Editor’s Note: Last Friday, June 13th, was the 34th anniversary of the assassination of Walter Rodney. This week, and with his permission, we carry the text of an address given by Barbadian novelist George Lamming at Rodney’s funeral in Guyana, which has recently been published under the title ‘On the Murder of Rodney’ in The George Lamming Reader: The Aesthetics of Decolonisation, edited by Anthony Bogues and published in 2011 by Ian Randle Publishers.
So many Guyanese were born or have come of age after the decades of Walter Rodney’s struggle and ultimate sacrifice – an itinerary that takes us from Guyana to Jamaica, Jamaica to London, London to Tanzania, Tanzania to Jamaica to Tanzania and finally back to Guyana. Too many of us believe that our hopes for this country’s future died with him. But that would be to profoundly miss Rodney’s unshakeable belief in the self-emancipation of working peoples, his rejection of big-man and big-woman, yes-man and yes-woman politics, his insistence that “It is only direct action on the part of the people, your own perception of what is possible, that can produce fundamental change.” He fought against the tyranny of those who claim they have been elected to lead us, against widening economic inequalities, against state repression, against denial to people of the right to vote in national and local government elections.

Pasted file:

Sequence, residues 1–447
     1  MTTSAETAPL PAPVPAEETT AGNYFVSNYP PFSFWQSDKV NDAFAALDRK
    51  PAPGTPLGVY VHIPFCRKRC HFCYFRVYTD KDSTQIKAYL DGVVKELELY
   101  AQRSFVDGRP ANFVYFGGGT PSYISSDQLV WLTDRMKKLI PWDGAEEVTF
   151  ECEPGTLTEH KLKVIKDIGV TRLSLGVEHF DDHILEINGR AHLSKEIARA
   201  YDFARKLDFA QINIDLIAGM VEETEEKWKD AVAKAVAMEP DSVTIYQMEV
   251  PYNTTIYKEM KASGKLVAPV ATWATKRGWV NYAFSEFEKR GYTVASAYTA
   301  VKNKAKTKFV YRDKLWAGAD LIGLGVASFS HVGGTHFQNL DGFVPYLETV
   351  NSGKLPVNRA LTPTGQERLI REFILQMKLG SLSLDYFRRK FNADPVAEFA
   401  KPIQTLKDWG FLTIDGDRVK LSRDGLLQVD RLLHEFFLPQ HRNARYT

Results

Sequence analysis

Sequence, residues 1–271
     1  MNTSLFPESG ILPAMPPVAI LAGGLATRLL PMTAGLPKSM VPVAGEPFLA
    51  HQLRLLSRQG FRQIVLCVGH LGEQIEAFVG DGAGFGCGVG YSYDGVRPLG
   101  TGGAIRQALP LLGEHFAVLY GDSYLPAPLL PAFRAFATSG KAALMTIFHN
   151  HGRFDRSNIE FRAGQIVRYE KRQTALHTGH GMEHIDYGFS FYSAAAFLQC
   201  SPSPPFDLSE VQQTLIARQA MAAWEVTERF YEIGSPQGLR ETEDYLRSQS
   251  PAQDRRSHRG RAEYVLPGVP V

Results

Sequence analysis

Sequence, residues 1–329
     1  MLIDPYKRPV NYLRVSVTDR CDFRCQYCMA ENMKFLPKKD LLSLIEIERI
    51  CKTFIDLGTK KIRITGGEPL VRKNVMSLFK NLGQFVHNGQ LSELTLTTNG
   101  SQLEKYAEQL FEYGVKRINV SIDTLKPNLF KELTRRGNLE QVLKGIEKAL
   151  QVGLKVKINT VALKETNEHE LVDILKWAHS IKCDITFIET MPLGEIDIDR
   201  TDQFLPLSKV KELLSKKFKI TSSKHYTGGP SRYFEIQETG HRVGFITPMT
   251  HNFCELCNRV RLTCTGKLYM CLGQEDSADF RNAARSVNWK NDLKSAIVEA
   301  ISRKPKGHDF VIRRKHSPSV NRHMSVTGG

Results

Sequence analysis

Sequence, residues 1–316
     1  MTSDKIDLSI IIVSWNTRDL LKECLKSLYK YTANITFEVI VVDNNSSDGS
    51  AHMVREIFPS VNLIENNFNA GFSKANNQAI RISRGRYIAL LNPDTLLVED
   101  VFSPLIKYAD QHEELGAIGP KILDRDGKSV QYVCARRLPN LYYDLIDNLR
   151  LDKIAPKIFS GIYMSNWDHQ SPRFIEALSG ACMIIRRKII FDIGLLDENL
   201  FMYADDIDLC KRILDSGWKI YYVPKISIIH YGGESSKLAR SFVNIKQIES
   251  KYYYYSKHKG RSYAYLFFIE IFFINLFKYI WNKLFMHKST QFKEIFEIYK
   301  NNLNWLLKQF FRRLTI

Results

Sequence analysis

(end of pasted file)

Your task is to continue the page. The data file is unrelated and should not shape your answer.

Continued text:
And he fought against the race divide that festers like an open wound, imprisoning us in our fear and deep suspicion of each other, blinding us to the everyday exchanges that bind us to each other, and resulting in a coastal conflict that cannot but fail to render the struggles of Amerindian women, men and children invisible or secondary.
In the mid 1970s, , at a speech made at D’urban and Louisa Row in Georgetown in defence of Arnold Rampersaud (Rampersaud was a PPP activist who had been arrested and charged with the murder of a police constable in 1974. Amidst much local and international mobilization and attention, he was finally acquitted in 1977), Walter Rodney would remind Guyanese people of the costs of the mutual suspicion, of whose interests it ultimately served: